Iycee Charles de Gaulle Summary It child might become too absorbed in

It child might become too absorbed in

It
is common to hear parents, somewhat jokingly, say their toddlers know
more about navigating their smartphones than they do themselves. They
are proud that their babies are tech savvy, as they should be. Many
parents believe that since their children will be using technologies
when they start school, they would be behind from the start if they
do not have some technological skills ahead of time. Some of these
parents probably lack confidence in their own technological abilities
and want to make sure that their children are better prepared. Even
low-income parents want to be sure that their children have
opportunities to learn, so they let them spend a lot of time at
public libraries or with friends or relatives who have computers at
home (Plowman and McPake, 2013). 

On
the flip side, some parents feel that it is unnecessary for their
young children to have early knowledge of using electronics. They
argue that there is no benefit in an early start because
technologies change quickly or become obsolete. Anything learned
when they are 4 will be out of date within a few short years
(Plowman and McPake, 2013). Also, they feel that if they encourage
their child to be familiar with technology, the child might become
too absorbed in it and neglect other learning opportunities, or
worse, a child with loose reigns might somehow stumble upon
something he isn’t supposed to find, like pornography or a site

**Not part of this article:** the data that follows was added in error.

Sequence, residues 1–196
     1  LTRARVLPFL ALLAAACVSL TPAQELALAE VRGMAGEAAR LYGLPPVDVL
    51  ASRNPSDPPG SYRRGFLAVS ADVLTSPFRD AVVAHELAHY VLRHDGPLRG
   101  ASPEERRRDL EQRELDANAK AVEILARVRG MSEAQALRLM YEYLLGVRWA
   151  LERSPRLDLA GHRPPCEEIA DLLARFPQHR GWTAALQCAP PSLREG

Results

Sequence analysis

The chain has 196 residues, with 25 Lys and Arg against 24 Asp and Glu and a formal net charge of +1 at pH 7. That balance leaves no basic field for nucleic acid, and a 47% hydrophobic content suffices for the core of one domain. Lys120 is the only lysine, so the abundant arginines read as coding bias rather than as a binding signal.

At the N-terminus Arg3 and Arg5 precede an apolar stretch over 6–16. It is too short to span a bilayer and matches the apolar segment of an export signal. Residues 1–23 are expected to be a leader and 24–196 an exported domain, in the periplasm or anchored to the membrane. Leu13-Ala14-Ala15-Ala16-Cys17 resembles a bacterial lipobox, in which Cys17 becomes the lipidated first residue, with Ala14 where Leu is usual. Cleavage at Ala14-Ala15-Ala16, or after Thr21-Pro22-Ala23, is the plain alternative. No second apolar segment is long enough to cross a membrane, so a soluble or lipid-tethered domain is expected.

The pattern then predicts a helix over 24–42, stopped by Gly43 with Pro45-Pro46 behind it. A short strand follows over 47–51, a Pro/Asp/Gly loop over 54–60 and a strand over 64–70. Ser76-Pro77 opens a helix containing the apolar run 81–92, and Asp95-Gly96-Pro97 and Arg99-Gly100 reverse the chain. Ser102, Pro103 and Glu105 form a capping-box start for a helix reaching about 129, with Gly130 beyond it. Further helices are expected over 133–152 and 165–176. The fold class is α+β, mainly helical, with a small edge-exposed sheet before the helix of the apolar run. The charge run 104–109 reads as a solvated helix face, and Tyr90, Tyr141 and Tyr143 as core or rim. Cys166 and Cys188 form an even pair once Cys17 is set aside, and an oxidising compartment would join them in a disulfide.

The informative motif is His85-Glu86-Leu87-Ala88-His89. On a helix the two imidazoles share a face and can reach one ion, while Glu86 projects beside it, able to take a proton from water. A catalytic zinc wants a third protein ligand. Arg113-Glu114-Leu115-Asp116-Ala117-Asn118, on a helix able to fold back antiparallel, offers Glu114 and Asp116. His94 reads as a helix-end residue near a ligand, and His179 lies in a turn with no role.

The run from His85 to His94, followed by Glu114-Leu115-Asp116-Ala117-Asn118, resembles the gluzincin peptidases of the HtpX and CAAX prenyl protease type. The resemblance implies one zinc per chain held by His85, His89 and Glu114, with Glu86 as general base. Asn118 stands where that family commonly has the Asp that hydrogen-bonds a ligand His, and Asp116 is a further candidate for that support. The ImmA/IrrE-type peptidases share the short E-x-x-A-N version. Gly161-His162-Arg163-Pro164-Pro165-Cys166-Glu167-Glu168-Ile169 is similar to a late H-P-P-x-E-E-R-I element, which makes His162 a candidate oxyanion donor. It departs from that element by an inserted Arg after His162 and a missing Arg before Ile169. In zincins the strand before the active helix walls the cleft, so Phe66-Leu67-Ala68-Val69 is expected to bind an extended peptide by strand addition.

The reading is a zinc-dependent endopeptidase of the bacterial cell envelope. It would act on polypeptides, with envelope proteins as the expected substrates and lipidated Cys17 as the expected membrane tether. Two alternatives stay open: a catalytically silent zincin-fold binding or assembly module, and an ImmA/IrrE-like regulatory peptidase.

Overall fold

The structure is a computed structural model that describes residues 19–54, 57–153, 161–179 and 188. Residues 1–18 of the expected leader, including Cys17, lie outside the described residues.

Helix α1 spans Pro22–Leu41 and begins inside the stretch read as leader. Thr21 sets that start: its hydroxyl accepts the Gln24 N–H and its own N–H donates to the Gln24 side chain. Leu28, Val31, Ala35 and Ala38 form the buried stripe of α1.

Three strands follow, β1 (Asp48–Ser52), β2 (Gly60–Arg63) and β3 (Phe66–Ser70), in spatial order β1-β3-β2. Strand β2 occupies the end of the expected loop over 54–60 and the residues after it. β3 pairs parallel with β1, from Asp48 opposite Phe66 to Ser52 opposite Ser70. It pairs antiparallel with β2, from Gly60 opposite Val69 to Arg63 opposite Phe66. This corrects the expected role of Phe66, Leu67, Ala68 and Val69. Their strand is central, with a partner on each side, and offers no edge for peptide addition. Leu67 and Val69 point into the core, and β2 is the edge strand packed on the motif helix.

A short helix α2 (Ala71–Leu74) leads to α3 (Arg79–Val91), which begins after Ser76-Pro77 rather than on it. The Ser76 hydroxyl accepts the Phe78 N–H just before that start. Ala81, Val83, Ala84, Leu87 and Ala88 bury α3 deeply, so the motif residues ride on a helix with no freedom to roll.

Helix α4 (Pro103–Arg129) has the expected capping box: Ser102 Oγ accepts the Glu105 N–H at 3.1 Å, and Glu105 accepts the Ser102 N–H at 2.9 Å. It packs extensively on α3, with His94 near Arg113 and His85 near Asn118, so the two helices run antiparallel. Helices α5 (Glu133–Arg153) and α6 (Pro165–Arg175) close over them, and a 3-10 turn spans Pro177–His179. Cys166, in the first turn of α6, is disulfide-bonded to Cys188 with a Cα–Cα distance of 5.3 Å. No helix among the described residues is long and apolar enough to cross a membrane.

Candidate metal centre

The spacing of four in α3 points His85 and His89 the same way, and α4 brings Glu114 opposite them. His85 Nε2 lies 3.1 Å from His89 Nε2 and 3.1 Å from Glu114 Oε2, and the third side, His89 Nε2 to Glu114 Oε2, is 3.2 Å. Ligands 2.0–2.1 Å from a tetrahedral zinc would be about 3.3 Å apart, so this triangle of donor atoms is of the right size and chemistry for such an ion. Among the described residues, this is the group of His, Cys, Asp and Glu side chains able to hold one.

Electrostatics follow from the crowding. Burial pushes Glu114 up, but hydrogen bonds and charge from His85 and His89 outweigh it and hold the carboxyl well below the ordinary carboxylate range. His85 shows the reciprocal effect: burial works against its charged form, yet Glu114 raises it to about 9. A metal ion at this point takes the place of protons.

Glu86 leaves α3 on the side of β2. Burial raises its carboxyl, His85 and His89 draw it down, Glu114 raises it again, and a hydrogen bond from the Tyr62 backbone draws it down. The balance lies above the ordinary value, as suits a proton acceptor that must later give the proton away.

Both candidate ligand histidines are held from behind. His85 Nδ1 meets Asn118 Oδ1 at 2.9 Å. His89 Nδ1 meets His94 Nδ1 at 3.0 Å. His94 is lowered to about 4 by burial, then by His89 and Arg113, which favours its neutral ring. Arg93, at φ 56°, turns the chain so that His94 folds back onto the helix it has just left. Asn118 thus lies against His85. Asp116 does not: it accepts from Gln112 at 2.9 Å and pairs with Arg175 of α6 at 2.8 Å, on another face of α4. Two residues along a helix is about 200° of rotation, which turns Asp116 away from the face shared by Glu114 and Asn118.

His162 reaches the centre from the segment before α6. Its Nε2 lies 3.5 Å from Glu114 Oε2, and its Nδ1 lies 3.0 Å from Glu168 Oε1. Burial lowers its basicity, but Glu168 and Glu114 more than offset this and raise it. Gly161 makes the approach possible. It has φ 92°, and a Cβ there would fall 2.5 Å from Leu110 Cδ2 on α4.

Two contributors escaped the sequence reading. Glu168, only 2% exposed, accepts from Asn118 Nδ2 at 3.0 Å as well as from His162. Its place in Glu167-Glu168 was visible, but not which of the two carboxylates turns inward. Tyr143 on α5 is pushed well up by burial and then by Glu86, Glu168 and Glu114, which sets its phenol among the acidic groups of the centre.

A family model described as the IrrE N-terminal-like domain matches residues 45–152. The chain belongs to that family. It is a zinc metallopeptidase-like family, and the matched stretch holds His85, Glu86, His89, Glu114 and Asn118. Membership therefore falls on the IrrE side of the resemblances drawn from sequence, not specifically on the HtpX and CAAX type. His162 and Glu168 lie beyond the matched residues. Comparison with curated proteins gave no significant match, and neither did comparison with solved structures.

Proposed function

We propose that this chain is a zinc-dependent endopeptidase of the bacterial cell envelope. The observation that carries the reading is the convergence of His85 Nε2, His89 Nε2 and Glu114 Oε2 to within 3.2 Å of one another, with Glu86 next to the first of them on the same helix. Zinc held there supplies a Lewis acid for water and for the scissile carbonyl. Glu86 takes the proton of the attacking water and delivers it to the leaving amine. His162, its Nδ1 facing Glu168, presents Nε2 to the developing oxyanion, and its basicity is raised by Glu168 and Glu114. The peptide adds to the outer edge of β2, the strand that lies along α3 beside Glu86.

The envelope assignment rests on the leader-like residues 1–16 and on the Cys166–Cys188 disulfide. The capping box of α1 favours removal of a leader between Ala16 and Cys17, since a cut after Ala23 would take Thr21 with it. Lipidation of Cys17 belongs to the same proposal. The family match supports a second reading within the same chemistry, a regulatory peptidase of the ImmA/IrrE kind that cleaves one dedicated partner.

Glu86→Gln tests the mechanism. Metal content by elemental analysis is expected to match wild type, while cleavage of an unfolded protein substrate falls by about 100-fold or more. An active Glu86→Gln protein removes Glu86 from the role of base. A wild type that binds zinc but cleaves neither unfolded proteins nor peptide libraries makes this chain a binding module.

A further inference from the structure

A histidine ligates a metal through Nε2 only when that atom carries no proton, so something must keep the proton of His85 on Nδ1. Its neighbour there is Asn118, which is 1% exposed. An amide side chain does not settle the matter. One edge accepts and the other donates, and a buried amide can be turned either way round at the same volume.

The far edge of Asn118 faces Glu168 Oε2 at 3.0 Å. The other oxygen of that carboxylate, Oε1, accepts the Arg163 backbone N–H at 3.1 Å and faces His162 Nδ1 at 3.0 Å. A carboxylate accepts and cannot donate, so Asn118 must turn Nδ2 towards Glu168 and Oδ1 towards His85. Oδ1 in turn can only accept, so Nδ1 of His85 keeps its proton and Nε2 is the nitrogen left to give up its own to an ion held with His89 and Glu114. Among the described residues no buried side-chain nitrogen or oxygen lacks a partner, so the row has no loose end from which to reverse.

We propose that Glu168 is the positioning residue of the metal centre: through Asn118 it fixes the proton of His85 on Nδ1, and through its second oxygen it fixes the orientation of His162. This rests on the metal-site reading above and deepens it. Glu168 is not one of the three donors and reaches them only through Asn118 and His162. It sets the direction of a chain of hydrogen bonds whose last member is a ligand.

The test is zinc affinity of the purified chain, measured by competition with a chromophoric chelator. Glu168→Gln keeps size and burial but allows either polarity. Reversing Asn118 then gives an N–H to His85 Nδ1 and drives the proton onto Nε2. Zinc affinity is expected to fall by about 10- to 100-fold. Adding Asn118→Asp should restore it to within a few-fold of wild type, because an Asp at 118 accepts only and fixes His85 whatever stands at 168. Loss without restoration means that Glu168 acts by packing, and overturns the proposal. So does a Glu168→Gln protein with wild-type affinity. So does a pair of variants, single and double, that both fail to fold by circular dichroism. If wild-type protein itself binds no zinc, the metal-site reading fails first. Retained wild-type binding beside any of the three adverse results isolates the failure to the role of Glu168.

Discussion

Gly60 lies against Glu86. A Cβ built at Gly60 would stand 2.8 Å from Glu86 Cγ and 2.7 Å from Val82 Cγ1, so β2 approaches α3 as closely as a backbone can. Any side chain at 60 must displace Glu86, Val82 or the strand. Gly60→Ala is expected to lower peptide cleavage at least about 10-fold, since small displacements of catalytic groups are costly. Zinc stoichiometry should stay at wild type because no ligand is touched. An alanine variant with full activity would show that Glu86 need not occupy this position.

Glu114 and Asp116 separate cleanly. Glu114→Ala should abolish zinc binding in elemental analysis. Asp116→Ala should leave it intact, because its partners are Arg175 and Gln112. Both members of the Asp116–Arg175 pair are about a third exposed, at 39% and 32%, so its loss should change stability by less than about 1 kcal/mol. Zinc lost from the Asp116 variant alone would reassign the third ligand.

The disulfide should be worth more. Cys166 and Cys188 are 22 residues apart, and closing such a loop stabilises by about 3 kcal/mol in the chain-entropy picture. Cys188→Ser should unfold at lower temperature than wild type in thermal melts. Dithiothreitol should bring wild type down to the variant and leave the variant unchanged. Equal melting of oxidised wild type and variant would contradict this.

loaded with a virus (Edwards, 2017). Technology, it is thought by
some, has particularly adverse effects on preschoolers because they
are still developing cognitively and socially, leading to advice
that young children should not be exposed to computers or television
because this will be detrimental both at the time and later in life
(Plowman and McPake, 2013).
As long as
technology is used appropriately, interactions with technology can
provide excellent learning opportunities. For example, learning how
to maneuver in different types of technologies, getting them to
operate a certain way, and having opportunities for personal input
to get a personalized response, is great in educating children on
operation and control. Also, interacting with technologies can help
children to better comprehend the rest of the world because they
have more ability to see and witness other cultures and lands (Feds
Weigh In, 2017). Technology can create an early yearning to learn
more and more. This will help with self-confidence as navigation
becomes less intimidating. With the gain of self-esteem, there will
be a wider range of challenges to tackle as the young child grows
into an older child, and then from a teenager into adulthood.

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If misused or
overused, however, there can be several negative effects on a